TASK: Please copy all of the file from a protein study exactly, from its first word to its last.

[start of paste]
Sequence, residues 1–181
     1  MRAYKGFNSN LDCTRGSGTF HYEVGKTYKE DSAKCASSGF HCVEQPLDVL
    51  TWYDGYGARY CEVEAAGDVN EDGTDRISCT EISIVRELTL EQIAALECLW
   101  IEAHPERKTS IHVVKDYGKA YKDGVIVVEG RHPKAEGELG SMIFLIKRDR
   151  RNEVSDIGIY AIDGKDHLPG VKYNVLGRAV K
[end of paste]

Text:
Sequence, residues 1–181
     1  MRAYKGFNSN LDCTRGSGTF HYEVGKTYKE DSAKCASSGF HCVEQPLDVL
    51  TWYDGYGARY CEVEAAGDVN EDGTDRISCT EISIVRELTL EQIAALECLW
   101  IEAHPERKTS IHVVKDYGKA YKDGVIVVEG RHPKAEGELG SMIFLIKRDR
   151  RNEVSDIGIY AIDGKDHLPG VKYNVLGRAV K